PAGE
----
Malus domestica ‘Sturmer Pippin’

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Louise Sims

If you spot an apple tree still bearing fruit at this time of the year, chances are it will be a Sturmer Pippin. This is a very late cropping variety that was highly regarded in the Victorian period because it keeps so well on (and off) the tree; it will remain hanging on into January if the birds don’t get there first! This is a useful late apple to grow, because in September and October there are so many other autumn treats from which to choose.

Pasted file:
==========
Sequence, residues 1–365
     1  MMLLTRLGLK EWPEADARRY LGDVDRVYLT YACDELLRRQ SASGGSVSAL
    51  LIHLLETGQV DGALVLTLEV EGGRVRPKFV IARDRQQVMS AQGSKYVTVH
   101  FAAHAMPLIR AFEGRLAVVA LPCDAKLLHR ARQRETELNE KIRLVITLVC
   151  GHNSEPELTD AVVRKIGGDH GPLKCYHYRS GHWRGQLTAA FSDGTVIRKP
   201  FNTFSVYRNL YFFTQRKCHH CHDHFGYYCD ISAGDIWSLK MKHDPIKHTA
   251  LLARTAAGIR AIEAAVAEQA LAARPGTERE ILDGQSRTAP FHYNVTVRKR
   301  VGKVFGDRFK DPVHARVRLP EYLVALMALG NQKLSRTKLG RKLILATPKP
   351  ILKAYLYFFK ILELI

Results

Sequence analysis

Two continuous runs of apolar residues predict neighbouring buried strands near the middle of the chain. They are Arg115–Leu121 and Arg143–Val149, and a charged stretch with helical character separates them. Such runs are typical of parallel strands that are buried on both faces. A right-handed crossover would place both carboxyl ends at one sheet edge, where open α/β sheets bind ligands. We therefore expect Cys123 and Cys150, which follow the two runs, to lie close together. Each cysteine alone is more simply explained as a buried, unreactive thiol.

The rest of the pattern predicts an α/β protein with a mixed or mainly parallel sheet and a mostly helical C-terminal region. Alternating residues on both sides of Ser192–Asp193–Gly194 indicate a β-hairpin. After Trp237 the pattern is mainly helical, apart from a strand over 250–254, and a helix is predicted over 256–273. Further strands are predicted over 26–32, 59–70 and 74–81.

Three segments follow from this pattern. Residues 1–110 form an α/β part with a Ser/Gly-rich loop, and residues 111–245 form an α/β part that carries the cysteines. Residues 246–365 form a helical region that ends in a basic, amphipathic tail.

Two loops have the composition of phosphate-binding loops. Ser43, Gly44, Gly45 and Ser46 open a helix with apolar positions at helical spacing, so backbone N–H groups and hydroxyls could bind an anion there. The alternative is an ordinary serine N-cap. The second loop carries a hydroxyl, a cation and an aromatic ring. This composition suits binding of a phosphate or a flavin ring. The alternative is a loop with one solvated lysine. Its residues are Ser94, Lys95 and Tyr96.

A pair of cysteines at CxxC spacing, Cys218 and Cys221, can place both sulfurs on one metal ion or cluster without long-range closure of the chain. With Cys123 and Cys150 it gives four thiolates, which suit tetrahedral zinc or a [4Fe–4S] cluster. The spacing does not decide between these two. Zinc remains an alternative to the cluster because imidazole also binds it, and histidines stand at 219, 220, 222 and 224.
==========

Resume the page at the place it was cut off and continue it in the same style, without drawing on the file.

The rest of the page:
So exactly when you harvest the fruit depends upon geographical location, location in the garden, appetite of the local birds and so on, but the main thing is to make certain that it gets maximum autumn sunshine in situ, which helps build sugar levels and thereby flavour. Then it is best stored until February or March, because if eaten any earlier, although full of flavour, the fruit will be sharp.

Sturmer Pippin was discovered by Ezekiel Dillistone in the garden of the Rectory in the village of Sturmer (Essex) around 1800, and presented to the (Royal) Horticultural Society in 1827. The apples were often taken on long sea voyages, and apparently Dillistone’s grandson took propagating material from the tree when he emigrated to Australia. Perhaps the famous Granny Smith, with which it shares many qualities, is a descendant?

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Great Plants this Month, Uncategorized, Winter

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